In any case, should his patent be granted, your investment in producing them may be at risk. One can only hope that the examiner does their research and does not simply rubber stamp such a broad application. Resulting in turning good hearted DIYers into outlaws. I have nothing against Donek Tools and I think they have produced a very professional drag knife. They have taken a DIY tool that people have been making for years and made it available to regular people that have no interest in tinkering. So patent or no, they will continue to have a large market share. I almost bought one, but decided to turn it into a fun project instead with an out of pocket cost of about $20 not including a broken endmill. I have always maintained that I have no interest in producing drag knives for others as I simply don't have the time, instead I have been trading the CAD file for a 'beer' so people can cut their own or make their own modifications etc... of course that would change if the patent was granted, obviously.

Here is the video showing my process..

https://www.youtube.com/watch?v=YqvgA1P5hWg

These are the finished parts. Tapped and ready to assemble
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Final assembled knife
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Assembly-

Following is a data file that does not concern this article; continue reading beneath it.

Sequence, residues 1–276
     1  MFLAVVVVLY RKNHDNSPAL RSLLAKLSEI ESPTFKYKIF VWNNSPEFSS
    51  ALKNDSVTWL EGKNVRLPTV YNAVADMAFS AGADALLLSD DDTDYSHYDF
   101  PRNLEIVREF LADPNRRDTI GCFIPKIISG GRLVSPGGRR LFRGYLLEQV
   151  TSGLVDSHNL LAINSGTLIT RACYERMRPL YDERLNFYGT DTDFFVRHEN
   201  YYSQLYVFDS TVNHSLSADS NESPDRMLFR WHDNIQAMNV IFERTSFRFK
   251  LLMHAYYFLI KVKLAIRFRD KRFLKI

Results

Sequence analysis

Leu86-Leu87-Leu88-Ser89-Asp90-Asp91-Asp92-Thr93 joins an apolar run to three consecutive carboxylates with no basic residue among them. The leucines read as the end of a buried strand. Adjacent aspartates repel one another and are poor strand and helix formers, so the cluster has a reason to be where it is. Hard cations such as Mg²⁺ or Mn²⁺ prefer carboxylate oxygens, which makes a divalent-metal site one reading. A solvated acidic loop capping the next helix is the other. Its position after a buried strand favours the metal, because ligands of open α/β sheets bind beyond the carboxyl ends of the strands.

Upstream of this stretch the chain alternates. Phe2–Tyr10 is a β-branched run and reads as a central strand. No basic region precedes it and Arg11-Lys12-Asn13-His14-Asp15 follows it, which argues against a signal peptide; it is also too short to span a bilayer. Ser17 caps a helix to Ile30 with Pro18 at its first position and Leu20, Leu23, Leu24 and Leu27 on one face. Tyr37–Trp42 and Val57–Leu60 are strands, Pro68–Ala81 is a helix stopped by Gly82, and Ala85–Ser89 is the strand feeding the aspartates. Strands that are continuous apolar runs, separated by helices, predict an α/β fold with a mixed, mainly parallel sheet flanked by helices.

The stem that goes into the collet is simply a 1/2" OD aluminum tube stock that is press fit into the top plate with a bit of epoxy.
The square peg at the top of the knife holder is slightly chamfered (1/32") and press fit into the bearings. The left over 'D' spaces could be filled with epoxy as a forever solution (I didn't). The bearings used were these.. http://www.vxb.com/page/bearings/PROD/1-2inch/Kit7527 just because I had them laying around. There are much lower profile bearings that would change the holder geometry and make it much smaller diameter although this has no real bearing on function.

I look forward to seeing Awesomeness's final design and prototype! I might end up getting one as well! :D

Best,

Brian O.
http://www.grunblau.com
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Re: Cutting Cardboard - Drag Knifes

Postby Awesomeness » Sun Nov 30, 2014 12:56 am

Thanks for the background info and input.

GRÜNBLAU wrote:One can only hope that the examiner does their research and does not simply rubber stamp such a broad application.


You'd hope, but the patent office doesn't have a great track record.
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One thing with patents though, is that if you make meaningful (sometimes even trivial, but describe them as meaningful) improvements to something, you can patent yours or ignore previous patents. So you hold it a different way, make it smaller/taller/lighter/etc., or in some other way do a better job, and you can avoid infringing on a utility patent. For a design patent, you just need it to look different.

In any case, I finally got my motor mounts for my CNC mill about a month ago, and I'm hoping to get everything up and running over the holidays. Then I can make a couple prototypes.